By SAMANTHA PIDDE
Congresswoman Cheri Bustos visited Mount Carroll late Thursday afternoon, Jan. 2, to review legislative actions of 2019, while looking to the future.
Referencing her "2019 Year in Review," 17th District Cong. Bustos (D-East Moline) said one of the most notable accomplishments was the passing of the Lower Drug Costs Now Act (co-sponsored by Bustos) within the House of Representatives.
She said healthcare and the need for affordable prescription drugs is "literally the first thing" she hears about when speaking to constituents, adding she has heard numerous stories of people receiving prescriptions they cannot afford to fill or trying to ration their insulin to save money.
According to Bustos, prescription drug companies are charging Americans prices that are "three, four or even 10 times higher" than what they charge for the same drugs in other countries. She noted that in this country, insulin costs per patient nearly doubled between 2012 and 2016.
The Lower Drug Costs Now Act bill: gives Medicare the power to negotiate directly with drug companies; makes the lower drug prices negotiated by Medicare available to Americans with private insurance, not just Medicare beneficiaries; "stops drug companies ripping of Americans while charging other countries less for the same drug," limiting the maximum price for any negotiated drug to the average price on countries like ours, where the amount charged for he same drug is less.
Also, the Act creates a new $2,000 out-of-pocket limit on prescription drug costs for Medicare beneficiaries; expands and improves Medicare by reinvesting more than half-a-trillion dollars in savings in new vision, dental and hearing benefits.
Mount Carroll Mayor Carl Bates asked where the half-a-trillion dollars will come from and Bustos explained it will come from the pharmaceutical companies, who she maintained would still see a profit.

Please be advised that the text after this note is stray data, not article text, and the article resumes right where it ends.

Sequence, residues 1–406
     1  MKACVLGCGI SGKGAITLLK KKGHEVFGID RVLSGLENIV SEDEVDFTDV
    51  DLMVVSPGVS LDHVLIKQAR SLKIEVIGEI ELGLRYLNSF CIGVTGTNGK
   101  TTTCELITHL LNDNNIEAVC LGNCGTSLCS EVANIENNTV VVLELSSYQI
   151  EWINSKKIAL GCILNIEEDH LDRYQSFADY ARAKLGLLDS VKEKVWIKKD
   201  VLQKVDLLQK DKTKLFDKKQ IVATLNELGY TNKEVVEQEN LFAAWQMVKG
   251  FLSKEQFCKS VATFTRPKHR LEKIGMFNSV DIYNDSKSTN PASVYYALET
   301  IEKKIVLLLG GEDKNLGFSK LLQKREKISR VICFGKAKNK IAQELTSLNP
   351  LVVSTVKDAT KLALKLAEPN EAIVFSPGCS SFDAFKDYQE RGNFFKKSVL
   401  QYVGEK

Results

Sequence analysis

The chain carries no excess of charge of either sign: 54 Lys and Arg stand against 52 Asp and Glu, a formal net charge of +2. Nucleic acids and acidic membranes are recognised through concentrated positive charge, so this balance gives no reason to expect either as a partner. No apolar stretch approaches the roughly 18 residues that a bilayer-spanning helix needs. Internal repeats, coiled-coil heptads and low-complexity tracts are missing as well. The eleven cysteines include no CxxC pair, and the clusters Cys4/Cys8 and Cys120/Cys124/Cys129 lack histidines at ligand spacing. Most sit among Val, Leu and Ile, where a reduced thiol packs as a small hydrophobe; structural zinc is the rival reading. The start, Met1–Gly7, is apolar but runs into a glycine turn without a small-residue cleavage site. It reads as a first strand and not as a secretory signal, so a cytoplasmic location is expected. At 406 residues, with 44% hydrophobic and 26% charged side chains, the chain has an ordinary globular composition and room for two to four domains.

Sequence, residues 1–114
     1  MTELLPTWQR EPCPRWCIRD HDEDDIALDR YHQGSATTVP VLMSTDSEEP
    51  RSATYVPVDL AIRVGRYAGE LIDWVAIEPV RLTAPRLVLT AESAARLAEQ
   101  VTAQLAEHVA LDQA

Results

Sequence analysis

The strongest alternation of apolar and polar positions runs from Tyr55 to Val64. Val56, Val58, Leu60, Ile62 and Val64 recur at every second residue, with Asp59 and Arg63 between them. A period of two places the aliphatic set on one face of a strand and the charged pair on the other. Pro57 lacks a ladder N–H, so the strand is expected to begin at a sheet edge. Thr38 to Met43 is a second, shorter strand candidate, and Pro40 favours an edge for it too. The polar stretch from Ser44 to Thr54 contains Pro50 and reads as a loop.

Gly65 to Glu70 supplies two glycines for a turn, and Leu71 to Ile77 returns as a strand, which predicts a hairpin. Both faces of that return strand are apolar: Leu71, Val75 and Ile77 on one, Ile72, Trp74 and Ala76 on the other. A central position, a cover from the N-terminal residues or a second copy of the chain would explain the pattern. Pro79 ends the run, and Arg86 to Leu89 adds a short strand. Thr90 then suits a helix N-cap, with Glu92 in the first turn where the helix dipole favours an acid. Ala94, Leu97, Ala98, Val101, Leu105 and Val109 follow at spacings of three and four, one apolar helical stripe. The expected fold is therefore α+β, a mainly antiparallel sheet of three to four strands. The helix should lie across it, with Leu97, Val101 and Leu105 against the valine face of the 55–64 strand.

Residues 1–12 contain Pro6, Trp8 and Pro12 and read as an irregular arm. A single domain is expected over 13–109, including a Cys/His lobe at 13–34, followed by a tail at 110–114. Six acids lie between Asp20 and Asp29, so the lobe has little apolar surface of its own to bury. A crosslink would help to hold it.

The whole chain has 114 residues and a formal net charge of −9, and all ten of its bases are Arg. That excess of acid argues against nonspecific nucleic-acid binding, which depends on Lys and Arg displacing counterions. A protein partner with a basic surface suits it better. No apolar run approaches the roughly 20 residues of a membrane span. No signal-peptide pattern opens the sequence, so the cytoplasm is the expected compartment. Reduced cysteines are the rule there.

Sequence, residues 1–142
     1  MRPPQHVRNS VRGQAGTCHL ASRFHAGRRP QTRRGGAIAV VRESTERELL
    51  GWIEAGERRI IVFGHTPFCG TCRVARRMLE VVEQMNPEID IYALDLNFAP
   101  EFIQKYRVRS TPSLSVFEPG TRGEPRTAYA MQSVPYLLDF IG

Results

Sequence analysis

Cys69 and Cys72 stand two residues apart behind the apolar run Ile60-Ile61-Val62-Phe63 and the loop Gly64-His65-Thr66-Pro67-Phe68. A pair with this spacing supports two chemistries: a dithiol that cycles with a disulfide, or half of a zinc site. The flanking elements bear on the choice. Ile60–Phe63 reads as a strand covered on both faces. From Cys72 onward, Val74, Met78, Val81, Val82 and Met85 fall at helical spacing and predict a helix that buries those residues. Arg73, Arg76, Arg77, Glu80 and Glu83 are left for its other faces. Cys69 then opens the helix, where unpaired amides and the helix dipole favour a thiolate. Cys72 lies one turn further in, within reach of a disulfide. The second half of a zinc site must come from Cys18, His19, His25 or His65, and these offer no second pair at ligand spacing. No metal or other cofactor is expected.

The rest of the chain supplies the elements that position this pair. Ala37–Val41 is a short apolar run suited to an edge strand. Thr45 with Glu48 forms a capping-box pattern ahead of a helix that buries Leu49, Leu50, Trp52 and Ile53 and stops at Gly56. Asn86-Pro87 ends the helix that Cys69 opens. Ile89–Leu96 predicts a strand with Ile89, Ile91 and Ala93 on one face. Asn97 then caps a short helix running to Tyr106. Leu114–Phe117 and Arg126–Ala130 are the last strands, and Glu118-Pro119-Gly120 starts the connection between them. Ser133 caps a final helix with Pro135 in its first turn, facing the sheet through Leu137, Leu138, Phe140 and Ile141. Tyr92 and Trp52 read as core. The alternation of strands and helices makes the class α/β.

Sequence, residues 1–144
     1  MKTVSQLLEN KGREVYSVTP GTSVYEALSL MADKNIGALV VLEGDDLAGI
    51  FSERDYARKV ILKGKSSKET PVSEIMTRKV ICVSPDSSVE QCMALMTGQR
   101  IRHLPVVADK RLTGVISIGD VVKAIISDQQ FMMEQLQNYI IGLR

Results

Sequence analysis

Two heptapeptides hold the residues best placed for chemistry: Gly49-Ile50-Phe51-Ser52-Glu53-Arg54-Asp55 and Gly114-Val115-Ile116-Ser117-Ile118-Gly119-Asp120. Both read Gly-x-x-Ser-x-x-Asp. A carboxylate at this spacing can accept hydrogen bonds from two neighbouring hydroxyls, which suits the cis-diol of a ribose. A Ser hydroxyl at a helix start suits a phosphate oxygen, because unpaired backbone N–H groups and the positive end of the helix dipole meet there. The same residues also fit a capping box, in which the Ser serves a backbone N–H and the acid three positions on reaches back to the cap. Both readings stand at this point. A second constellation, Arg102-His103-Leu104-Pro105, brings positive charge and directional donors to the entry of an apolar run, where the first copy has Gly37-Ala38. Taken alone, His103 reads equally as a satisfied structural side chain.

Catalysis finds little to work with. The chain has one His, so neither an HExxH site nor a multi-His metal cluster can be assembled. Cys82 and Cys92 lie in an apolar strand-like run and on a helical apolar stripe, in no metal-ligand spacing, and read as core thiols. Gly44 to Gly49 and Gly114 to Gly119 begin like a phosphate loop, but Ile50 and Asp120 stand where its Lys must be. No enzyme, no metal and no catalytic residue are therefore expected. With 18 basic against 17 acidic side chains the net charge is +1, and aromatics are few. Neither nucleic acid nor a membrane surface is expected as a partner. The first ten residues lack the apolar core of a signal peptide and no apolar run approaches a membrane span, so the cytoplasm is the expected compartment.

The bill has been passed in the House of Representatives, but not the Senate, and Bustos said she is confident it will pass in Senate.
"Literally, I don't know anyone on Medicare that isn't happy with it," Bustos said.
The veteran lawmaker also said the United States-Mexico-Canada Agreement (USMCA) was passed by the House a week before the holidays. Bustos said the trade agreement (which still needs to be voted on in the Senate) will benefit farmers and manufacturers.
"It gives them certainty in a time...that hasn't been very certain for our farmers," Bustos said.
Congresswoman Bustos also gave a brief update on the Administrative United States Penitentiary (AUSP) Thomson (Thomson Prison).
She told Mayor Bates and Carroll County Mirror-Democrat staff that the federal maximum-security prison currently has 364 employees and plans to hire at least another 250 by the end of 2020. Almost 1,000 inmates are currently housed in the prison.
Bustos emphasized the need for housing for the expected increase in prison employees. Bates spoke to her about the ongoing Shimer Square project by the Rock Island Economic Growth Corporation (GROWTH). While Phase 1 will generate one-bedroom and studio apartments, Bates said GROWTH is looking to try to move forward plans for two- and three-bedroom condos.
Bustos also explained the hiring process at the prison has been slow because potential employees must go through a federal hiring process. She said legislators such as herself have requested the process be localized to minimize delays.
She also said she was happy to have joined the Appropriations Committee in 2019. Bustos said this is the "most powerful committee in Congress," allowing her (and the Heartland) a voice in critical federal funding investment.
Bustos spoke briefly on how Democrats may hope to be successful in the 2020 elections.
"I think we have to be hyper-focused on what matters to people," said Bustos, highlighting health insurance, the minimum wage and infrastructure as some of these issues.
"We need to rebuild our country," Bustos said.